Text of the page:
schools in crisis

I'm exhausted by budget talks. Budget talks. Budget talks end with lost jobs, lost pay, bigger classes, less supplies, more work and stress. So much stress. The cuts we must make will go so deep, will hurt so bad... I have trouble understanding how we come back to normal. Will there ever be normal again? Every time we cut, things don't come back in better times. We have rooms in our schools that were used for wood shop, home ec, photography... cut in hard times... and never back again. So when we lose media specialists, when classes go up to 38, 39, 40, 41... we will ever see a return to now? Or will this become the norm? I long for classes under 30. A classroom I can walk around easily in, the time to meet with each student, the energy to grade a set of tests in one evening. All I see ahead is exhaustion.
And with it all comes guilt. Guilt I can't be happy it's not worse. We're not losing 12 days like a near by district. We haven't all been fired like the teachers in New Jersey. We aren't left without a contract and about to strike like some other chapters in the state. We aren't wasting precious classroom time to fight for basic rights like the teachers in Wisconsin. But really-- if I'm supposed to be grateful because my district has managed to avoid falling that far into trouble-- we have depressingly low standards for what qualifies as job satisfaction for educators. 

I love my job so much. I love being a teacher. I love it. And I'm good at it. But after meeting with the principal, meeting with the union, and meeting with the staff... all to discuss... really depressing prospects... I'm tired.



The term slowly comes to an end. Deadlines students thought would never come...are finally here. For three weeks students have had the oppertunity to retake quizzes to prove they've learned a target. Today I had a line of kids during homeroom that waited until the last possible day to do anything about quizzes they needed to retake. Two kids were worried they couldn't retake ALL the quizzes they needed to, because there wouldn't be time. Sorry kid. Natural consequence of waiting until the last minute. Your grade will reflect accordingly.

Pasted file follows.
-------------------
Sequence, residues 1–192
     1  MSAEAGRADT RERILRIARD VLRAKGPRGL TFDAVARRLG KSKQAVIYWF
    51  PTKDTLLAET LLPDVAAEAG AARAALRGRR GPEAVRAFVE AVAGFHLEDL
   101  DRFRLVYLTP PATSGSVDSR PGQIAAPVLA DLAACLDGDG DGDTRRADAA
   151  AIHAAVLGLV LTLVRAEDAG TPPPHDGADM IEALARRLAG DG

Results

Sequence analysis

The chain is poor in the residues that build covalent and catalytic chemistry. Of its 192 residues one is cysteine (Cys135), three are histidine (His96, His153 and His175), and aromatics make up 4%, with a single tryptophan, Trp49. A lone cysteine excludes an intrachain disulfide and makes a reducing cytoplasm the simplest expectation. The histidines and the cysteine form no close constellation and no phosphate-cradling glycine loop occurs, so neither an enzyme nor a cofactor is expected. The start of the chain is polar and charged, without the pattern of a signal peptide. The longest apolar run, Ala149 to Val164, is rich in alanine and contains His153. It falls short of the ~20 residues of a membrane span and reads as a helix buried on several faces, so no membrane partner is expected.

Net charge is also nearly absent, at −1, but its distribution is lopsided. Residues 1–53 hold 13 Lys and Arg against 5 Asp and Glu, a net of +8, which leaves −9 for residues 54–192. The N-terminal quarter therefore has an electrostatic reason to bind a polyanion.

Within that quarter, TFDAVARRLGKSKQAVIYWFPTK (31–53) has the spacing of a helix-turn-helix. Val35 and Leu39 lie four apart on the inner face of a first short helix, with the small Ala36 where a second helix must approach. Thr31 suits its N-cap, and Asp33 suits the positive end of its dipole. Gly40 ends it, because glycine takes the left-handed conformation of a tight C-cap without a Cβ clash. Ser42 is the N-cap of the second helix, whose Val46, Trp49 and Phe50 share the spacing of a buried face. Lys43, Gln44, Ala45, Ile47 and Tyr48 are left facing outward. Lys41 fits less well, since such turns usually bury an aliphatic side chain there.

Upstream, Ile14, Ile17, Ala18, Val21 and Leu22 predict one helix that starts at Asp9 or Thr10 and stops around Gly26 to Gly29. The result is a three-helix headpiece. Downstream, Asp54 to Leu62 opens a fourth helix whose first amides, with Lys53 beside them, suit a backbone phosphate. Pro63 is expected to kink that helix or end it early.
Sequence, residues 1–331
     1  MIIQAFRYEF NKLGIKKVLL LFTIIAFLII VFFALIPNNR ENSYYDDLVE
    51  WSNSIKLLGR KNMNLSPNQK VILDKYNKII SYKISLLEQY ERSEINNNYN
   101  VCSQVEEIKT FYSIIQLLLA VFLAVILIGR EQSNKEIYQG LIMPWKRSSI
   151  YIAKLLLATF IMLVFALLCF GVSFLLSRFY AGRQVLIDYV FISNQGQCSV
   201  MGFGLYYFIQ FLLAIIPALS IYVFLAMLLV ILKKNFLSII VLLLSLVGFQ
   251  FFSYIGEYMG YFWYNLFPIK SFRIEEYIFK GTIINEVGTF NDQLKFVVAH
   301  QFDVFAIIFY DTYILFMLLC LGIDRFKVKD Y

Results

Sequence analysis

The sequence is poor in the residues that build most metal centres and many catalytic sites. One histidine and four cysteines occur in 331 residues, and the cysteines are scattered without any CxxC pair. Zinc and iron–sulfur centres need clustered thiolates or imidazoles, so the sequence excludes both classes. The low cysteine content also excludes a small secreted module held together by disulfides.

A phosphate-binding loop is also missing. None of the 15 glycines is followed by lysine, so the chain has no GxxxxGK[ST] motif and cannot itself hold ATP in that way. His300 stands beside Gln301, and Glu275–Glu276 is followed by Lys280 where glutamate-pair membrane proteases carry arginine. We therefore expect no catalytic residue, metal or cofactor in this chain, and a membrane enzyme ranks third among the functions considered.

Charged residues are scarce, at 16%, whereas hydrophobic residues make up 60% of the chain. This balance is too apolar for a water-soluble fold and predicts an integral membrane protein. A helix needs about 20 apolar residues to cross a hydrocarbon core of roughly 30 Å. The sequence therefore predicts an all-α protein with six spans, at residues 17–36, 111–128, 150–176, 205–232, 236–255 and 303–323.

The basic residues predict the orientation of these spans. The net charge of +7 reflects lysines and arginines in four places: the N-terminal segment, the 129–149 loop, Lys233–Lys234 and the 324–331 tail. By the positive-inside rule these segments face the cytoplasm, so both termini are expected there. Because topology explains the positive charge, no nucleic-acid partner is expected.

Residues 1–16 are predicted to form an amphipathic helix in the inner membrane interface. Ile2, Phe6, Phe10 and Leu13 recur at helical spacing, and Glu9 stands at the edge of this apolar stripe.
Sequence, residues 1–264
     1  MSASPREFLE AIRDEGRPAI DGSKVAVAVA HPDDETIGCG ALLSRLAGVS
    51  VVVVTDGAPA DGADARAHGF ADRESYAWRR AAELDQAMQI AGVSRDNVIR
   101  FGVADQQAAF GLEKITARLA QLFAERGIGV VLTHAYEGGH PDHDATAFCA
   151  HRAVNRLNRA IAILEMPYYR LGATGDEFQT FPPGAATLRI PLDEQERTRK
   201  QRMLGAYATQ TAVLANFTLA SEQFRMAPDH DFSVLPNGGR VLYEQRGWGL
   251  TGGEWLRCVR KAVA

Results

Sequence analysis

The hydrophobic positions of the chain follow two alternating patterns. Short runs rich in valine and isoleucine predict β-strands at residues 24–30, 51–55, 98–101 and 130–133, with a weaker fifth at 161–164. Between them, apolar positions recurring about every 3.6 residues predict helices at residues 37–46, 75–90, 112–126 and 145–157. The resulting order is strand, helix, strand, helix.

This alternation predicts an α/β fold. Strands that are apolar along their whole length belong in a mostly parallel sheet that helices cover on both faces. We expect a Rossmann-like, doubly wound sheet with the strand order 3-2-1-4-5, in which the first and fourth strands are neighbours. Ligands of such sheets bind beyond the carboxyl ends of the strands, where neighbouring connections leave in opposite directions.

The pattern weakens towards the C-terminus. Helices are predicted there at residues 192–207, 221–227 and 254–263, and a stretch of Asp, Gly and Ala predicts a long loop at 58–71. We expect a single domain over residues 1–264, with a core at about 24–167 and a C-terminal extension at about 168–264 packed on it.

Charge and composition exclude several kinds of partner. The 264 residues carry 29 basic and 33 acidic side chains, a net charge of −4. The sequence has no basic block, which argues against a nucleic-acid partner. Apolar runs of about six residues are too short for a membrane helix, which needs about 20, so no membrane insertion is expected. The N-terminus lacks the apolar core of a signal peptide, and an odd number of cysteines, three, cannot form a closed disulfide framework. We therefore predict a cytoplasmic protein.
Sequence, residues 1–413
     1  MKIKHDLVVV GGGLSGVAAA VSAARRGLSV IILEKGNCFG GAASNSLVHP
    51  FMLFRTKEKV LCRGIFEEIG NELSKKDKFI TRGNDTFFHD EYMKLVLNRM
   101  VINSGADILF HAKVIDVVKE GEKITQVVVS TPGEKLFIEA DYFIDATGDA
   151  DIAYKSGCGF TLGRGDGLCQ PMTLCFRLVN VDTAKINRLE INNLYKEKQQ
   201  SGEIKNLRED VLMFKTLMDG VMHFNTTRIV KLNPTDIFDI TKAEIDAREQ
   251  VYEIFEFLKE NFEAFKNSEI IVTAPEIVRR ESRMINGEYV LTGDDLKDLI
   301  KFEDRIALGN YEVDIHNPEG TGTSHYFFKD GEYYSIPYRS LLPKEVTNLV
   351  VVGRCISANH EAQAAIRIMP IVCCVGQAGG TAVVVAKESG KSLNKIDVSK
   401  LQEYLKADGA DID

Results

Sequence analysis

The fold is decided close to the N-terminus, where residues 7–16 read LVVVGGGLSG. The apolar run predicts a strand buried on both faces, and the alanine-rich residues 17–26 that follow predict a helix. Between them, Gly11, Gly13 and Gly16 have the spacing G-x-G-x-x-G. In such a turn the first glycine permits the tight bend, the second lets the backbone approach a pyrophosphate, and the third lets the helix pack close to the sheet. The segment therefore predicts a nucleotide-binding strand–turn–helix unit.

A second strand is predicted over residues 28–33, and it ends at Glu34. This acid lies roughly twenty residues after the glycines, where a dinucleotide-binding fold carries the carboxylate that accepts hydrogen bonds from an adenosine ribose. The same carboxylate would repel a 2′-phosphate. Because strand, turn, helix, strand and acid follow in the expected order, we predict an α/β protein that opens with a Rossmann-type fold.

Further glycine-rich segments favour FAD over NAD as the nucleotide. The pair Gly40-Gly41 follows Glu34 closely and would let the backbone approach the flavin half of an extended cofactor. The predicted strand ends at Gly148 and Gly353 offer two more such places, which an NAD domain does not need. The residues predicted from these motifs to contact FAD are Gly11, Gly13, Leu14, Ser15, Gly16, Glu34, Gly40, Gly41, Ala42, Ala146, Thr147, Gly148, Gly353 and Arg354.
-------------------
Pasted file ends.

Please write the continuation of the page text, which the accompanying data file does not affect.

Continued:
Middle school is the ultimate learning ground for time management. Time still means nothing to a 13 year old, but deadlines have meaning in middle school. So every year it's the same. Watching the painful lesson as a 13 year old realizes that for the first time she can't do it all in one day, or that being absent for one day out of 12 is not a reason to be late on a project. And I get it, I've been that kid. It sucks. But it's life. 


lazy Saturday

Sunshine today. I thought it would create a super productive me. Instead I still feel exhausted from the week that just ended and I've crawled back into bed to watch movies and laze around. I keep thinking about the math tests I could be grading at this moment, but I think I need a couple more hours before my brain can even think school again. So those tests will wait and I'll continue to enjoy this lazy day.


my first chance

NBC nightly news came to school today. And I interviewed about... I don't even know what. It was nerve wracking and crazy and I'm sure I said all the wrong things. But at the same time, I hope I represented my profession fairly and honestly. Because I hope I find many more opportunities to be an advocate for this profession I hold so dear.
But then it was over and I got back to the business of teaching. Copies. Seating charts. Grading. Meeting with kids who need a behavior reality check. Planning a department meeting. Getting emails sent out.
And oh yeah. At some point I actually had to teach. Excuse the cliche but thank GOODNESS it's Friday.